By Mark Lehman
As I was growing up, it didn’t occur to me I was actually living my own history. I was simply part of the ideal post-war era of the late 1950’s and early 1960’s with loving parents seeking their own part of the American Dream in a brand new tree-filled subdivision in the hills west of Austin. Our personal safety, exposure to drugs or alcohol, or the infiltration of any non G-rated programing into our lives, was never an issue. Any negative intrusion into my life usually centered around an occasional bee sting, flat tire on my bicycle, or questionable report card from school.
During my formative years, I never thought of my parents as having any type of existence that did not revolve around the functional needs of their young family. They were fun-loving and very happy people who seemed completely content spending their days in a simple routine of putting food on the table, keeping the lawn mowed, and getting their well-groomed children to school and church on time. (Well most of the time, anyway.)
On occasions like Valentine’s Day or their respective birthdays, they appreciatively exchanged practical and mundane gifts like vacuum cleaners, harvest gold blenders, electric drills and socks. The thought they might share any type of interest in each other outside our daily life was foreign to me. However, I was enlightened by two letters I recently discovered in the shoebox dated February of 1952.
Evidently my parents were separated for a few months after their marriage while my dad finished his military obligation. During this time he wrote a heartfelt letter to his “darling angle” [sic] pledging they would never be separated again. This beautifully worded letter talked about the home he wanted to build, the children he wanted to have, and the dreams they would share together. He also apologized for not being with her on their first Valentine’s Day as a married couple, and for the fact that she had to settle for a letter instead of her favorite: red roses.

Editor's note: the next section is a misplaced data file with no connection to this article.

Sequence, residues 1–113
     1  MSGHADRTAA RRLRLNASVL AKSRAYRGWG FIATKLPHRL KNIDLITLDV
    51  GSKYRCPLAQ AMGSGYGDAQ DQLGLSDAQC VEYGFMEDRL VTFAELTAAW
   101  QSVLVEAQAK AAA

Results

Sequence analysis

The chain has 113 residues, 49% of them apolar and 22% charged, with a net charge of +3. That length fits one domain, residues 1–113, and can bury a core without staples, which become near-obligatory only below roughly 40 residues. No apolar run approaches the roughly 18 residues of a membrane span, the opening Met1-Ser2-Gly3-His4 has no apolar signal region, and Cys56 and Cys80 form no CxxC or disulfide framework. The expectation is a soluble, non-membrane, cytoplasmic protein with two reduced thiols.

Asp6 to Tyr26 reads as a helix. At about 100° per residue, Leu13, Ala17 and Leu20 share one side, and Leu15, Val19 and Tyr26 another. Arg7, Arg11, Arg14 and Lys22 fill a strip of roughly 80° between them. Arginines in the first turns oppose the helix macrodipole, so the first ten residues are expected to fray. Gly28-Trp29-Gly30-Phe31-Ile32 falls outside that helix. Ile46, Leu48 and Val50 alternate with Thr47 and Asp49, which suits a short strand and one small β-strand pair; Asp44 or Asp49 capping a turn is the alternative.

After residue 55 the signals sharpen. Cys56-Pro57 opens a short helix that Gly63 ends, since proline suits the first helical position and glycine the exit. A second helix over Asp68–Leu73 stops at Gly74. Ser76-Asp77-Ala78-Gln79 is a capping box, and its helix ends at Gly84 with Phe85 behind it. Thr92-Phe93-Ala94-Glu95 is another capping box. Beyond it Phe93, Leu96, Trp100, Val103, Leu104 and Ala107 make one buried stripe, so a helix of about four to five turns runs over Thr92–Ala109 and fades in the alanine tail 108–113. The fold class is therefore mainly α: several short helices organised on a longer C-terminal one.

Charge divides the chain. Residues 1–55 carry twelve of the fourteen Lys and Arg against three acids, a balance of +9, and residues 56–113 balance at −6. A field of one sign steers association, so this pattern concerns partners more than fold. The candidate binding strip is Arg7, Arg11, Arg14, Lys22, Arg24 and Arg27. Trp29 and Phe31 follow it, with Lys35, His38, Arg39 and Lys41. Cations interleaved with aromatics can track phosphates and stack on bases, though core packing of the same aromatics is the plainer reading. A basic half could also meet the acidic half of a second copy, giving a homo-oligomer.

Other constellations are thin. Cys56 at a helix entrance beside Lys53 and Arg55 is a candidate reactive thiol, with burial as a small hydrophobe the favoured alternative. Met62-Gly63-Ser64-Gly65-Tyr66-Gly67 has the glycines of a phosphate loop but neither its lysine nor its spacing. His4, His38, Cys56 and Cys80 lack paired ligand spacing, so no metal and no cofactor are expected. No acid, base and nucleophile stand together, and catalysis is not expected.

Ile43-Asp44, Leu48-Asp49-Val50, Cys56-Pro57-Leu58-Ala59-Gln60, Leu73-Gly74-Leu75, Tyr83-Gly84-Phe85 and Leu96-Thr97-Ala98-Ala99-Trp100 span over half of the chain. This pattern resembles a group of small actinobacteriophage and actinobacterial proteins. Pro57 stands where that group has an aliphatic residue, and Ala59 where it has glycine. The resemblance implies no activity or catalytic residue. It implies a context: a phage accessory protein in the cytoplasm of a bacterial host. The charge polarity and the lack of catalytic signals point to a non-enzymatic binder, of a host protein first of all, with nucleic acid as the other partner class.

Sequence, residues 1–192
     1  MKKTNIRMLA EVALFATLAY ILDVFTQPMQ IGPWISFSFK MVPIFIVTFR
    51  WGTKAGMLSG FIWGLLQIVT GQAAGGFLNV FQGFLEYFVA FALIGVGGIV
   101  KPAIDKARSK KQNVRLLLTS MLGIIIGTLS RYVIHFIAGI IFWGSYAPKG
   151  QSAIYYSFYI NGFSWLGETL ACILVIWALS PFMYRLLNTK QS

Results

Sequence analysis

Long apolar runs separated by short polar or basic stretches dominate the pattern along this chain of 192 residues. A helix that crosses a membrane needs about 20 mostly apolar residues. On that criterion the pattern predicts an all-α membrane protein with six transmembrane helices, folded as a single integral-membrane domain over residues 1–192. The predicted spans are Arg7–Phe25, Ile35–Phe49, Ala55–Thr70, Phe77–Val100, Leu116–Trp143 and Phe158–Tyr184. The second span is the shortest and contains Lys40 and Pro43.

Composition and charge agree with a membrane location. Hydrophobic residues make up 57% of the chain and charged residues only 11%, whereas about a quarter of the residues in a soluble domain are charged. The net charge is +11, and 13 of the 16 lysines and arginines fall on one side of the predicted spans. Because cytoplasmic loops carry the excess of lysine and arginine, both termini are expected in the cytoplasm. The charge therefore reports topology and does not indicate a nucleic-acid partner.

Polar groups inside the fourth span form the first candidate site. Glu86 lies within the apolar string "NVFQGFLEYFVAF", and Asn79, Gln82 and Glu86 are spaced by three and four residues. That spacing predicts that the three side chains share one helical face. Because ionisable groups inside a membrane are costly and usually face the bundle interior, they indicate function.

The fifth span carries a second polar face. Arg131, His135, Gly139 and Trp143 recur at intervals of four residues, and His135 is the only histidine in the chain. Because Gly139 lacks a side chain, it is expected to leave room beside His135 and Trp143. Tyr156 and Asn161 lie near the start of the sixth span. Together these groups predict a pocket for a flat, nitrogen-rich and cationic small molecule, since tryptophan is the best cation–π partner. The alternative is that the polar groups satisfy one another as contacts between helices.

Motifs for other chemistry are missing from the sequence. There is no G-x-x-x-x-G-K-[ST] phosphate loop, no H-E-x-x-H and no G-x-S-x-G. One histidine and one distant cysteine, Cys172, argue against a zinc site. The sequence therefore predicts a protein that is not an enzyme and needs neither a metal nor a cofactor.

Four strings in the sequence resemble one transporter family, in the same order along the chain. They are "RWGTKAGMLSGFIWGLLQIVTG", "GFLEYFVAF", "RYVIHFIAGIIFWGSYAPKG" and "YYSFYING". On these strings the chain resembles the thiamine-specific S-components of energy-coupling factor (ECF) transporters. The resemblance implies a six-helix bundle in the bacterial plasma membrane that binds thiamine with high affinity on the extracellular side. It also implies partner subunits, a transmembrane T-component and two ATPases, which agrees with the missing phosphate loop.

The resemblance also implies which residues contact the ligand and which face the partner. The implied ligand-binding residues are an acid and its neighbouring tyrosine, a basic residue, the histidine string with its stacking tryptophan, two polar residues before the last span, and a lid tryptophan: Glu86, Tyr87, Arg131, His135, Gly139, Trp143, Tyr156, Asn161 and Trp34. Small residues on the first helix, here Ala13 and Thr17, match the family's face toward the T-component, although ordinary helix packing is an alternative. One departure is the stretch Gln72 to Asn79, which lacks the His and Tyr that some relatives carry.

The letter must have made some impact on my mom because she saved it forever. My father also saved the letter she wrote back to him saying, his “sweet words” were all she would ever want from him, and she would be really mad if he ever wasted his hard earned money on something as frivolous as roses.
This long ago letter exchange is more validation that: flowers wilt, pre-printed messages on cards are quickly discarded, and even toasters and blenders don’t come with a lifetime warranty. Written words saved and passed down through generations are our only links to our own family histories, legacies and dreams for future generations to build upon.
My mother often commented on a Bible verse about Jesus’ mother realizing her young son had very special gifts. Luke 2:43 reads: “And his mother stored all these things in her heart.”
By saving these letters and leaving them behind where I would easily find them, my mom left a guidepost about the dreams she was storing in her own heart as a young woman. These dreams later became my reality – and my own history.